What is a Branch in software development? A branch is what happens when your development team needs to work on two distinct copies of a project at the same time. This is best explained by citing a common example.
Suppose your development team has just finished and released version 1.0 of UltraHello, your new flagship product, developed with the hope of capturing a share of the rapidly growing market for "Hello World" applications.
But now that 1.0 is out the door, you have a new problem you have never faced before. For the last two years, everybody on your team has been 100% focused on this release. Everybody has been working in the same tree of source code. You have had only one "line of development," but now you have two:
- Development of 2.0 . You have all kinds of new features which just didn't make it into 1.0, including "multilingual Hello," DirectX support for animated Hellos, and of course, the ability to read email
- Maintenance of 1.0 . Now that real customers are using UltraHello, they will probably find at least one bug your testing didn't catch. For bug fixes or other minor improvements requested by customers, it is quite possible that you will need to release a version 1.0.1.
It is important for these two lines of development to remain distinct. If you release a version 1.0.1, you don't want it to contain a half-completed implementation of a 2.0 feature. So what you need here is two distinct source trees so your team can work on both lines of development without interfering with each other.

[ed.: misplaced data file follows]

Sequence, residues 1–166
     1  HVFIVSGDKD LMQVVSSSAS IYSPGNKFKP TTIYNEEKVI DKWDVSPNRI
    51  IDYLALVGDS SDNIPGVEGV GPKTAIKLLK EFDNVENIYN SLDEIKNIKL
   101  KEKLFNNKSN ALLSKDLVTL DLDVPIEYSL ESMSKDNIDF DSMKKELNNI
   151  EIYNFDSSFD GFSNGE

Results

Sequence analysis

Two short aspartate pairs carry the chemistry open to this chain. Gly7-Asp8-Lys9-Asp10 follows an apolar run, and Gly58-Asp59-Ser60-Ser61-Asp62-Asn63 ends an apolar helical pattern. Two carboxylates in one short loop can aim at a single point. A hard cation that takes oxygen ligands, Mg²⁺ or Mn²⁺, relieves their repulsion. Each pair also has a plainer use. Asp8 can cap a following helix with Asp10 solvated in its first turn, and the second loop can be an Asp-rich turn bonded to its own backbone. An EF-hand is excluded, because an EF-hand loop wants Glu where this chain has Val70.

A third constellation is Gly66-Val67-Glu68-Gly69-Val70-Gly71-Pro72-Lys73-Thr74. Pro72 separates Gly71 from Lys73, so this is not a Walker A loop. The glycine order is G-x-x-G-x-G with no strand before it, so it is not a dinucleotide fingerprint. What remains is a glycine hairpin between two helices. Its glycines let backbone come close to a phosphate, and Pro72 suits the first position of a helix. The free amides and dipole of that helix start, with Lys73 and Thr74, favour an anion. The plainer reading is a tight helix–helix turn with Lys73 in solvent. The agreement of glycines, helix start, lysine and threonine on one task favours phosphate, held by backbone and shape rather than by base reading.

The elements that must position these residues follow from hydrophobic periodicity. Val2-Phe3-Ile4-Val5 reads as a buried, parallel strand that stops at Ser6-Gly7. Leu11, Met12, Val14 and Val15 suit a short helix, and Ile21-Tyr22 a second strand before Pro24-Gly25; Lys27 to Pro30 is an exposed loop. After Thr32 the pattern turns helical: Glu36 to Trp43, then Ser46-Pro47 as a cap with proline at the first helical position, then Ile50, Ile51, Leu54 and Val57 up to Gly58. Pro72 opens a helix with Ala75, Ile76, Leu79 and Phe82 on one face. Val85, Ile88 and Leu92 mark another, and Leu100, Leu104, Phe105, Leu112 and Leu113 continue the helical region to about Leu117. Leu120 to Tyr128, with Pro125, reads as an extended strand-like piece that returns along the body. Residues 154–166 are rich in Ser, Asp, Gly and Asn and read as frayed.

The most obvious way to solve this problem would simply be to make a copy of your entire source control repository. Then you can use one repository for 1.0 maintenance and the other repository for 2.0 development. I know people who do it this way, but it's definitely not a perfect solution.
The two-repository approach becomes disappointing in situations where you want to apply a change to both trees. For example, every time we fix a bug in the 1.0 maintenance tree, we probably also want to apply that same bug fix to the 2.0 development tree. Do we really want to have to do this manually? If the bug fix is a simple change, like fixing the incorrect spelling of the word "Hello," then it won't take a programmer very long to make the change twice. But some bug fixes are more involved, requiring changes to multiple files. It would be nice if our source control tool would help. A primary goal for any source control tool should be to help software teams be more concurrent, everybody busy, all at the same time, without getting in each other's way.
To address this very type of problem, source control tools support a feature which is usually called "branching." This terminology arises from the tendency of computer scientists to use the language of a physical tree every time hierarchy is involved. In this particular situation, the metaphor breaks down very quickly, but we keep the name anyhow.
A somewhat better metaphor happens when we envision a nature path which forks into two directions. Before the fork, there was one path. Now there are two, but they share a common history. When you use the branching feature of your source control tool, it creates a fork in the path of your development progress. You now have two trees, but the source control has not forgotten the fact that these two trees used to be one. For this reason, the SCM tool can help make